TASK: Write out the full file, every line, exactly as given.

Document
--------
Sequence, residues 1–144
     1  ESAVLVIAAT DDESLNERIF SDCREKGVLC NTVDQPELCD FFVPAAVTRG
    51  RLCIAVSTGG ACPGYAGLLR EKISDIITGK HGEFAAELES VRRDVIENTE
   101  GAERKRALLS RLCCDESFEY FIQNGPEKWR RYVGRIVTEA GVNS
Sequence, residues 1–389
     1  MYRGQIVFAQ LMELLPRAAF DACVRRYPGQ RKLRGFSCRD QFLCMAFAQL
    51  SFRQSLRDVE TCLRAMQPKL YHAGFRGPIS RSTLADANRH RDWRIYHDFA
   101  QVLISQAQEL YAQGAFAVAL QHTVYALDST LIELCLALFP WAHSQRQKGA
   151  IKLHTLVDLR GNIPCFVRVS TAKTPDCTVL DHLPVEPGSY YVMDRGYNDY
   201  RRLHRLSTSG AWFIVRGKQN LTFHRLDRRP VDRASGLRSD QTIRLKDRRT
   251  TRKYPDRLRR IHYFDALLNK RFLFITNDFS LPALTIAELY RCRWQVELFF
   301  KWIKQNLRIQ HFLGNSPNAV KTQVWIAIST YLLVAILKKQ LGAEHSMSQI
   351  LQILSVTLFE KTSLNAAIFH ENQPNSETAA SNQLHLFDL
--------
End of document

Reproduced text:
Sequence, residues 1–144
     1  ESAVLVIAAT DDESLNERIF SDCREKGVLC NTVDQPELCD FFVPAAVTRG
    51  RLCIAVSTGG ACPGYAGLLR EKISDIITGK HGEFAAELES VRRDVIENTE
   101  GAERKRALLS RLCCDESFEY FIQNGPEKWR RYVGRIVTEA GVNS
Sequence, residues 1–389
     1  MYRGQIVFAQ LMELLPRAAF DACVRRYPGQ RKLRGFSCRD QFLCMAFAQL
    51  SFRQSLRDVE TCLRAMQPKL YHAGFRGPIS RSTLADANRH RDWRIYHDFA
   101  QVLISQAQEL YAQGAFAVAL QHTVYALDST LIELCLALFP WAHSQRQKGA
   151  IKLHTLVDLR GNIPCFVRVS TAKTPDCTVL DHLPVEPGSY YVMDRGYNDY
   201  RRLHRLSTSG AWFIVRGKQN LTFHRLDRRP VDRASGLRSD QTIRLKDRRT
   251  TRKYPDRLRR IHYFDALLNK RFLFITNDFS LPALTIAELY RCRWQVELFF
   301  KWIKQNLRIQ HFLGNSPNAV KTQVWIAIST YLLVAILKKQ LGAEHSMSQI
   351  LQILSVTLFE KTSLNAAIFH ENQPNSETAA SNQLHLFDL